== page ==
Over at Huffington Post, Lanny Davis establishes that he has no idea at all:
(1) How to spell “Sister Souljah,” and
(2) What the FISA “compromise” bill says.
The compromise bill would provide strict supervision by the special FISA Court of all intelligence agency anti-terrorist surveillance activities, with strict time limits on renewal of court orders.
This is right, if by “strict supervision” you mean “checking whether Mike Mukasey can fill out a form correctly.” In point of fact, FISC review is limited to whether the targeting procedures used for surveillance are well tailored to intercept only communications involving foreign targets. The court has no power to review whether the surveillance is likely to actually produce foreign intelligence information, or to inquire into the means of acquisition.
It would require written findings and accountability by the Justice Department and individual warrants and court orders if any U.S. citizen is involved, directly or indirectly, in the surveillance.
If I had time, I would find an animate gif of a head exploding and paste it here, to signify the explosion of my head, now occurring. False, false, false, a thousand times false. As long as the nominal “target” is overseas, no individual order is required to intercept conversations with citizens.
And importantly, it expands congressional oversight of the program, including the House and Senate Judiciary Committees as well as the Intelligence Committees in both chambers.
The bill requires a bit of additional reporting on the program; this is at best a marginal improvement, and in any event, the political branches have historically been notoriously reluctant to act as any sort of real check on intelligence overreach. The passage of FISA was a rare exception, owing to the sheer volume of the irrefutable proof of gross abuse.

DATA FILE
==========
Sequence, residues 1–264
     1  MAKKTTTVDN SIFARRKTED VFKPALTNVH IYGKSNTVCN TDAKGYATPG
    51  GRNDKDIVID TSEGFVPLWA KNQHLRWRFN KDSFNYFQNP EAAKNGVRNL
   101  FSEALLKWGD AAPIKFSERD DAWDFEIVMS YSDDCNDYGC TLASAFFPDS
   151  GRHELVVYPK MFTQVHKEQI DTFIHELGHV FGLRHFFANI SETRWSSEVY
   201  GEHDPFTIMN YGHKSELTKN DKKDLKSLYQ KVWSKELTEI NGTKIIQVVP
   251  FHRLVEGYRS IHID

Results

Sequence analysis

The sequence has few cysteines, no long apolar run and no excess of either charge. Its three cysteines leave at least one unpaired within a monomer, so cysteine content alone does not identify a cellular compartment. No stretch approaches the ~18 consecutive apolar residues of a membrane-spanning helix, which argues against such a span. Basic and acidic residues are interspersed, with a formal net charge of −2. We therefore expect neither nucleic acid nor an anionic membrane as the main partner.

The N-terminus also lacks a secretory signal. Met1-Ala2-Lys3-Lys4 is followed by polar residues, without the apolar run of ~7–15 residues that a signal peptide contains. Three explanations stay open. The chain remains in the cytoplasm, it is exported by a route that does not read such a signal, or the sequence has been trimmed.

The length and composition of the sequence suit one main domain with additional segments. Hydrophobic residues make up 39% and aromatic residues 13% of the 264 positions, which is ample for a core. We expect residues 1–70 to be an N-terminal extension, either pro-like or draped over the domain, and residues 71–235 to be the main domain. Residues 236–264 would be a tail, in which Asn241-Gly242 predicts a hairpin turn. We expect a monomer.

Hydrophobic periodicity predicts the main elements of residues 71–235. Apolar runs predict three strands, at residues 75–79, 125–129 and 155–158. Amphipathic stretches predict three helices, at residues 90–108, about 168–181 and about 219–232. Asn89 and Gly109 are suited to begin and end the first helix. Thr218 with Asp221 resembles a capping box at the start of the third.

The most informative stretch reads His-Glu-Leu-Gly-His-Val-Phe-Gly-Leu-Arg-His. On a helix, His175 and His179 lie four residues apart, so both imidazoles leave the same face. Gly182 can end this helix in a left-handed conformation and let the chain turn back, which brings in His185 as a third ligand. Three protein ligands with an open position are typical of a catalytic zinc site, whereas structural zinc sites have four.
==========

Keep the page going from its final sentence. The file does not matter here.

But, on balance, the value of effecting immediate strict legal and congressional supervision of the TSP should outweigh concerns about such a precedent — especially since the legislation grants immunity only to those companies that can prove to a court of law that they relied in good faith on governmental advice.
The first clause here is just strange. The alternative to passing this legislation is a return to the old FISA rules, which required actual probable cause warrants for intercepts of American citizens’ wire communications. Or, since the old rules do actually require some minor tweaks, some more modest and sane bill. But it is downright perverse to describe a bill vastly loosening oversight requirements as “effecting immediate strict legal and congressional supervision.” The second half, by the way, is also false: Nothing in the immunity provisions of the FISA deal requires the telecoms to have acted in “good faith”. They’re off the hook if the Attorney General certifies that they got a note saying the president had approved of surveillance, even if it was obvious to them—as, indeed, it should have been—that the NSA program violated the law.
No doubt Senator Obama has felt political pain to be attacked publicly by his most ardent supporters. But the benefit is that he has reminded voters that as president he would be more committed to the “solutions” business than to yield to the pressure to prove his ideological purity to his party’s base. Many of the swing voters who will decide the election — soft Democrats, independents and moderate Republicans — have been waiting to see if Senator Obama can resist such pressure and follow this approach.
I am so, so, so tired of this bullshit spin. I have never seen any evidence that most of the public even understands what is actually at issue in this debate, let alone that they’re demanding Immunity Now! In any event, folding to the White House and then boasting about “defying the progressive base” is not an impressive display of courage if “the progressive base” happens to be right on the merits. If the bill is a good deal, that’s enough of an argument for supporting it. This resort to a lot of sideshow misdirection about Obama’s bold autonomy from the netroots should suggest how thin that argument is.